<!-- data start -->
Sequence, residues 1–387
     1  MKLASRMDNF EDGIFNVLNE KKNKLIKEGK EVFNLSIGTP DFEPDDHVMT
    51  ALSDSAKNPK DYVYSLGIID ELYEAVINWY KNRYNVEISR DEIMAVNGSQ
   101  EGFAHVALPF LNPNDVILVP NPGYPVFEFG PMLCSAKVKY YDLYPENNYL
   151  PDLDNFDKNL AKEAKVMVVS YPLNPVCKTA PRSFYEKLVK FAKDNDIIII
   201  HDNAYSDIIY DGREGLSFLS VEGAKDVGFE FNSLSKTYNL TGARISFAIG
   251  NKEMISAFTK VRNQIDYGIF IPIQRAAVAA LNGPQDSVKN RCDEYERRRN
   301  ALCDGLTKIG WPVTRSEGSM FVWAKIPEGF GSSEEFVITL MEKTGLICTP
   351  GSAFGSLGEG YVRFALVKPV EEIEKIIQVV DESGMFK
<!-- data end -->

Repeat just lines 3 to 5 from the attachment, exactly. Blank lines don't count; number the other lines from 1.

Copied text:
    51  ALSDSAKNPK DYVYSLGIID ELYEAVINWY KNRYNVEISR DEIMAVNGSQ
   101  EGFAHVALPF LNPNDVILVP NPGYPVFEFG PMLCSAKVKY YDLYPENNYL
   151  PDLDNFDKNL AKEAKVMVVS YPLNPVCKTA PRSFYEKLVK FAKDNDIIII